Change, Conflict, Negotiation
Principles of Management
Mayville State University
December 4, 2014
This Research Paper on Influence, Power, and Leadership is being submitted to Professor Robert Johnston on December 5, 2014, by Jamal Branco as part of his studies in Principles of Management at Mayville State University
In the business world everyone handles situations differently; you may handle situations in a positive way or a negative way, everyone has their own ways of dealing with things. Different situations in the business world fall under change, conflict and negotiation. As a manager there are certain reasons why change occurs and certain ways your employees may react. Change, conflict, and negotiating are things that really challenge managers and put there managerial skills to the test.
Change is something that can be good or bad, something that can make things harder or can make things easier. Change is simply defined as the act or instance of making or becoming different. According to the book there are four types of change which are anticipatory, reactive, incremental, and strategic. Anticipatory change is changed that is planned based on the expected situations in the work place. Anticipatory changes are often the easiest changes to implement, given the time allowed in advance to form prepared responses to any issues that may arise from these changes. Reactive change is a change made in response to unexpected situations. Being reactive to change doesn’t mean you would react in a positive way it simply means due to the change in the situation will determine how you react to it. Incremental change involves subsystem adjustments needed to keep the organization on its chosen path. Strategic planning is the change altering the overall shape or direction of the organization. An example of how this works is in a company that has decided its primary goal is to become more employee-centered. One way strategic changes might be implemented is in training its management/leadership team on new policies in order to ensure a more consistent management (Kreitner, Robert, and Carlene Cassidy. Management.). With change comes different types of reactions depending on who it is and how the situation affects them personally. Employees can react can at two different ways to change. They can respond to it in a positive way or in a negative way. When going through a change that an employee likes they hit stages. The first is the unrealistic mind set, which basically is them being positive towards the change and excited about it. The second stage involves a shocking moment to the point where they just get overwhelmed and think that they can’t handle it and as they get encouragement from their co- workers and manager they realize that the change is not that bad and it is actually working out for the better. When employees act towards change in a negative way they tend to stress out and get all worked up until they realize that getting all stressed out only makes it worse and they begin to work to treat it in a positive way by laughing things off to make it easier but they still begin to have self-doubt. As time goes on they begin to get used to the change and turn it all in to positive thoughts and positive outcomes.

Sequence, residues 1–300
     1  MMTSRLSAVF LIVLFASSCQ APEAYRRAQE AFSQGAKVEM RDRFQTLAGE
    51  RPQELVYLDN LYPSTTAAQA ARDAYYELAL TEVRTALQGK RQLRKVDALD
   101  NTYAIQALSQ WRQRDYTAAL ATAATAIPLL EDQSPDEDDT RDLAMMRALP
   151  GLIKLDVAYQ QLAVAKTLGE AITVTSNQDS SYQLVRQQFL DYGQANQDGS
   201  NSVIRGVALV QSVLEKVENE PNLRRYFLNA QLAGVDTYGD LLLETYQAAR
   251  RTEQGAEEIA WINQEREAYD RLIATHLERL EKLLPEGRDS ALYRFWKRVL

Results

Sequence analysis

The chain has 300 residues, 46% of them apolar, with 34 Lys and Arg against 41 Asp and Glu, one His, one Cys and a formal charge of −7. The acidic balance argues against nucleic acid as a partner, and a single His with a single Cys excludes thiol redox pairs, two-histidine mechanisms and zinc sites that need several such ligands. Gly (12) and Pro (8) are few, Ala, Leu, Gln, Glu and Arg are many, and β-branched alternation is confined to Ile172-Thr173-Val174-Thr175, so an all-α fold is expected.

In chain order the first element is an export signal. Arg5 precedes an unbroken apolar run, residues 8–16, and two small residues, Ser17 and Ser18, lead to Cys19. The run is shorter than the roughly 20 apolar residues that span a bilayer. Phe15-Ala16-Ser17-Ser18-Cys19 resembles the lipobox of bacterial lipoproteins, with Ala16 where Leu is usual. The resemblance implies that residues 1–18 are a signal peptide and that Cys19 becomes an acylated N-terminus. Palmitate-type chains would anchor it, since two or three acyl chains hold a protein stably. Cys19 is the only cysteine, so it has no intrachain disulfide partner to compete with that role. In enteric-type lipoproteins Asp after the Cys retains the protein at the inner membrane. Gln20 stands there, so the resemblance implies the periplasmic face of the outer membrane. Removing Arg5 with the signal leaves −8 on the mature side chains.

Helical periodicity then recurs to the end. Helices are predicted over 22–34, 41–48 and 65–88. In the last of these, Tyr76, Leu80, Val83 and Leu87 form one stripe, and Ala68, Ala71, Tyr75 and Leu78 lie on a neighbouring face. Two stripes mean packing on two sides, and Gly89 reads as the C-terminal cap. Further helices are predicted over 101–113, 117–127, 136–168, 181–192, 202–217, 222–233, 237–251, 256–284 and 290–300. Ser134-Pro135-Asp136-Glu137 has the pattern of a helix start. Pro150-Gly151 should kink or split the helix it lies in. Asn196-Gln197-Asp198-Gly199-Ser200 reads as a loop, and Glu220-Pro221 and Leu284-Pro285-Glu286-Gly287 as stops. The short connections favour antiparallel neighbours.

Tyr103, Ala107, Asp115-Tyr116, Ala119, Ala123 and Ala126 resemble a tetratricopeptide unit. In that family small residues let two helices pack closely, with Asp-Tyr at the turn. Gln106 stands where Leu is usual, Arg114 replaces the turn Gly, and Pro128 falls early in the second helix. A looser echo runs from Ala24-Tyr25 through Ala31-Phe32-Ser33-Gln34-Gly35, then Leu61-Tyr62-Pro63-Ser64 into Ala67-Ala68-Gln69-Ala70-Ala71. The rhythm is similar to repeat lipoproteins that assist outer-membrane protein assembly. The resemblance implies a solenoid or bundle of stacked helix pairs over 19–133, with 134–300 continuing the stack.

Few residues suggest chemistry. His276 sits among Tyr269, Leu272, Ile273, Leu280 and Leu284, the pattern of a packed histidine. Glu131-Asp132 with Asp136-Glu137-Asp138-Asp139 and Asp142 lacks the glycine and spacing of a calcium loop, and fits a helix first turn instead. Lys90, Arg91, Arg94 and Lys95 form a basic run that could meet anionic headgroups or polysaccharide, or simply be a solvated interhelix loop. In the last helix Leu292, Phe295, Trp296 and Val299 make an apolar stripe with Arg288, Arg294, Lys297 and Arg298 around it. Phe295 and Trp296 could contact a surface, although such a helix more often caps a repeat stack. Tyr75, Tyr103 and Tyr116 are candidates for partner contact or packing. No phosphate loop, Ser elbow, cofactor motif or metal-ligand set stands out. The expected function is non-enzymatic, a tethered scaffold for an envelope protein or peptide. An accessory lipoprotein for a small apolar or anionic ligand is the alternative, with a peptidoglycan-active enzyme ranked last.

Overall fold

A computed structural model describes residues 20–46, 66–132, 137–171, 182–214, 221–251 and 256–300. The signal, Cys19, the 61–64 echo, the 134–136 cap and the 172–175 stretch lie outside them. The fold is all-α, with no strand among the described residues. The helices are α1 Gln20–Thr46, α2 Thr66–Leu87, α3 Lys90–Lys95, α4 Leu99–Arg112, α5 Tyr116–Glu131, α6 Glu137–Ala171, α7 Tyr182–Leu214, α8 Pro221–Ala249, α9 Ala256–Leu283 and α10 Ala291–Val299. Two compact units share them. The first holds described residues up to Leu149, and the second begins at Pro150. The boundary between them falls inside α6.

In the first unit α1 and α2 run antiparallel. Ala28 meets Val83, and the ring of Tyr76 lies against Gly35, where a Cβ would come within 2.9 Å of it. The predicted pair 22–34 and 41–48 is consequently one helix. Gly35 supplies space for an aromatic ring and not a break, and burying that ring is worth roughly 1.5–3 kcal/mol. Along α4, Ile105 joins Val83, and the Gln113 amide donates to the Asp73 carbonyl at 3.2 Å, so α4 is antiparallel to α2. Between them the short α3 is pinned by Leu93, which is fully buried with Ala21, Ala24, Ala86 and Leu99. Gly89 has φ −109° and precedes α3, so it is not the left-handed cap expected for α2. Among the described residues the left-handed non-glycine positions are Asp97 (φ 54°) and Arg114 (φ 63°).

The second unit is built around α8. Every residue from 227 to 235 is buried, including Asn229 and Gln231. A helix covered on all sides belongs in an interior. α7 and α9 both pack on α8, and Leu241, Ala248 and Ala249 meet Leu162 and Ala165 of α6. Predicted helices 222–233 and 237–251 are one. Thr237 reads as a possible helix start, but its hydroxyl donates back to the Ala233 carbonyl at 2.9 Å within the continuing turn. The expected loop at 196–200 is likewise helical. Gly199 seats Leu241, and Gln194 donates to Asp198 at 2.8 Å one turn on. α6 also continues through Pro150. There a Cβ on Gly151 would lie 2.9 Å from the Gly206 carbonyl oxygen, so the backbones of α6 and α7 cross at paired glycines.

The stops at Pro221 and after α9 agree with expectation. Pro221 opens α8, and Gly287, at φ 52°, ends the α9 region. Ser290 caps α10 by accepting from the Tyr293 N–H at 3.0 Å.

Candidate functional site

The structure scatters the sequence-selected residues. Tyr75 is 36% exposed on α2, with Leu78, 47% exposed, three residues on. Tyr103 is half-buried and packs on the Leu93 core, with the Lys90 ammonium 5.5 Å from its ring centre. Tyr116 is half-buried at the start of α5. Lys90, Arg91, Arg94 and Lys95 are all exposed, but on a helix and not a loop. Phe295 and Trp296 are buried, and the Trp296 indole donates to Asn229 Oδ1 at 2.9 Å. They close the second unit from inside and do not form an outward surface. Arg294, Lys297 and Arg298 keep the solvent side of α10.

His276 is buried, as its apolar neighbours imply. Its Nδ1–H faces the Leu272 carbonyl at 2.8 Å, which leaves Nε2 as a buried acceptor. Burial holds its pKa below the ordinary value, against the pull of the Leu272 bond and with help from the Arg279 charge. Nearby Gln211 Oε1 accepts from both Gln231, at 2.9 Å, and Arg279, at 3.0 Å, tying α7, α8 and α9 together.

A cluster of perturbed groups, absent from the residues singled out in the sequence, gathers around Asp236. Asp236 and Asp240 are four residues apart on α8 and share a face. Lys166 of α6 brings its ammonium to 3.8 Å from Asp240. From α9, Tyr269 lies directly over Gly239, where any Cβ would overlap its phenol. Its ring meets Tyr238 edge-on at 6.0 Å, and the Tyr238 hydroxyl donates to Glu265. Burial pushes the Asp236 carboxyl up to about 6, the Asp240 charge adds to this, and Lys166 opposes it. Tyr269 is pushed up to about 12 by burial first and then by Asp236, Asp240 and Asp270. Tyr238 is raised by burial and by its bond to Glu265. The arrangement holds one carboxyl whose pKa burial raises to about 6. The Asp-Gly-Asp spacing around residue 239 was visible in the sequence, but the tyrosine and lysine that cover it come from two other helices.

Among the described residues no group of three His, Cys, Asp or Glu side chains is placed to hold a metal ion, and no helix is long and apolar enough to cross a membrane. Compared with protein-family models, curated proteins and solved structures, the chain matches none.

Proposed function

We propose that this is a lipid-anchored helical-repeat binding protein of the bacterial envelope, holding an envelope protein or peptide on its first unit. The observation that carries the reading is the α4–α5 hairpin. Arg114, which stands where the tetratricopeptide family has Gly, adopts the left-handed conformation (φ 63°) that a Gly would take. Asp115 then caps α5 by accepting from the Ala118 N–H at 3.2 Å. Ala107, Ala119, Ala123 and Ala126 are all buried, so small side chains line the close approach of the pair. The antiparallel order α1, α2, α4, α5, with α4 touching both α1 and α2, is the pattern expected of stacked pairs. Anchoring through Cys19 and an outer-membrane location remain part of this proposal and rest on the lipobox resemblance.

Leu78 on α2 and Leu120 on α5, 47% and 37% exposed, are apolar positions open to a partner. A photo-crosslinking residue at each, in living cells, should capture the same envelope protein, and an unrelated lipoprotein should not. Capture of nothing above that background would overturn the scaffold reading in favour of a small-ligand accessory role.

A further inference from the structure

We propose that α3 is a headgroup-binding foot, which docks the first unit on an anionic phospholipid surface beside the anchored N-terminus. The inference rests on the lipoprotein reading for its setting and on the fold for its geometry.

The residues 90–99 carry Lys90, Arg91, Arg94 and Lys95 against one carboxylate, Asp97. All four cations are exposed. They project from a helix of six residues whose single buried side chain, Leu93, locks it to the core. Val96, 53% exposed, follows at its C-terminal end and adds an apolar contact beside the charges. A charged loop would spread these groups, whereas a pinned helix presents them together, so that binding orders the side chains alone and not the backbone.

To employees that don’t agree or like the idea of change are usually due to some reason. According to the book there are some specific ones such as surprise, inertia, lack of skill, emotional side effects, lack of trust, fear of failure, personality conflicts, poor timing, lack of tact, threat to job status, and competing commitments. Employee who resist change due to surprise or change that is brought up in the spur of the moment. An example of this is simply the employee was asked to stay and work another shift after working a double already. Inertia is simply denying the act of going along with the change with the mind set of “We don’t do things that